FIG. 3 is a partial cross-sectional side view of one embodiment of the present fusion cage in position in an opening between adjacent vertebrae.

FIG. 4 is a perspective view of an alternative embodiment of the arched portions of a fusion cage, in collapsed form, constructed in accordance with the teachings of the present invention.

FIG. 5 is a perspective view of an alternative embodiment of a fusion cage constructed in accordance with the teachings of the present invention, shown in complete form with sidewalls inserted therein.

FIG. 6 is an exploded view of one embodiment of the present invention having wedge-shaped housing portions.

FIG. 7 is a perspective view of one embodiment of the present invention, in collapsed form, inserted between adjacent vertebrae.

FIG. 8 is a perspective view of one embodiment of the present invention, in expanded form, inserted between adjacent vertebrae.

FIG. 9 is a perspective view of one embodiment of the present invention displaying a pair of housing portions and an aligning portion adapted to be received therebetween.

FIG. 10 is a perspective view of one embodiment of the present invention having a cap portion associated therewith.

DETAILED DESCRIPTION OF THE INVENTION

The several embodiments of the fusion cage of the present invention are shown in the figures, wherein like numerals indicate like parts. Turning now to FIG. 1, a fusion cage constructed in accordance with the teachings of the present invention is indicated generally by the numeral 10. Fusion cage 10 of the present invention includes an upper arched housing portion 12 and a lower arched housing portion 14 (hereinafter referred to as upper and lower arched portions). Each of upper and lower arched portions 12 and 14 have a plurality of openings 16 formed therein. Upper arched portion 12 and lower arched portion 14 are connected to one another, and properly aligned, by aligning portion 18. Aligning portion 18 is preferably a single, unitary construction having a first sidewall 20 and a second sidewall 22, the sidewalls being connected by a bridge portion 24 (as shown in FIG. 2). As will become apparent below, aligning portion 18 can be adapted to a variety of sizes, shapes, and forms, thereby determining the overall dimensions of cage 10.

FIG. 2 is an exploded view of a fusion cage 10 constructed in accordance with the teachings of the present invention. In a preferred embodiment, the present device is constructed as shown in FIG. 2, with a single, unitary aligning portion 18 to provide stability to the cage 10. It is contemplated, however, that two separate aligning portions could be used, as will be detailed further below.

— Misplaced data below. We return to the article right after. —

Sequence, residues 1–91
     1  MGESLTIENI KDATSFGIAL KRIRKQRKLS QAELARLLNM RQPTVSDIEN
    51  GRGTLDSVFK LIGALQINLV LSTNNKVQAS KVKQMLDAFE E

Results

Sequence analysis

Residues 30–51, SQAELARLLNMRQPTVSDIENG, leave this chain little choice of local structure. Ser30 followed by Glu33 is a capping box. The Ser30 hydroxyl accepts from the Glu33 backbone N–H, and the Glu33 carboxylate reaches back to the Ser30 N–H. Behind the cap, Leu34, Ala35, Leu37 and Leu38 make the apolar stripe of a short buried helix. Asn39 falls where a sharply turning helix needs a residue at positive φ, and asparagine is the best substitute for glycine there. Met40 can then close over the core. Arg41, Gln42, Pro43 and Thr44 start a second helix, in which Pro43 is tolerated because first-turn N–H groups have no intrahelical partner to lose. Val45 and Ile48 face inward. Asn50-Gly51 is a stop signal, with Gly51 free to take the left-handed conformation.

FIG. 3 shows the present device in use, positioned between adjacent vertebrae. In use, arched portions 12 and 14 of the present device are first placed in an opening between two adjacent vertebrae. The opening may be produced by any of a variety of methods known in the art, or by any other suitable means.

Arched portions 12 and 14 are preferably inserted into the opening between adjacent vertebrae by use of distracting forceps, though any other suitable means of inserting the arched members may be used. Once arched portions 12 and 14 are in place, the forceps are opened in order to separate the arched portions to the desired dimensions. While arched portions 12 and 14 are held in place, aligning portion 18 is inserted between them and pushed forward to complete the formation and alignment of cage 10. Other suitable methods of inserting cage 10 may also be used.

Aligning portion 18 is preferably composed of a radiolucent material such as, for example, polyetheretherketone (“PEEK”) or carbon fiber. Thus, postoperative radiologic analysis of the fusion contained within cage 10 may be performed. Other suitable materials may also be used, though it is preferred that the material is subject to some sort of postoperative visualization procedure. Examples of suitable radiolucent materials include, but are not limited to, various plastics, such as, for example, nylons, polycarbonates, and polyketones such as polyaryletherketone. Plastics may, if necessary, be reinforced with carbon or glass fibers for use in the present invention.

Although the figures show cage 10 having three openings 26 in each of arched members 12 and 14, it is contemplated that any number of openings of varying size and shape may be used. For example, a single, longitudinal opening could be employed in each of the arched portions and substantially along the length of each of the arched portions. Alternatively, a plurality of fine openings may be provided such at that least a portion of arched portions 12 and 14 is mesh-like in structure. Any configuration of openings may be used so long as such openings are suitable to allow the bone fusion within cage 10 to adhere to the walls of the vertebrae adjacent cage 10. It is preferred that aligning portion 18 is generally rectangular in shape, forming a fusion cage having the shape of a cylinder or trapezoidal cylinder. Other shapes and configurations may also be used.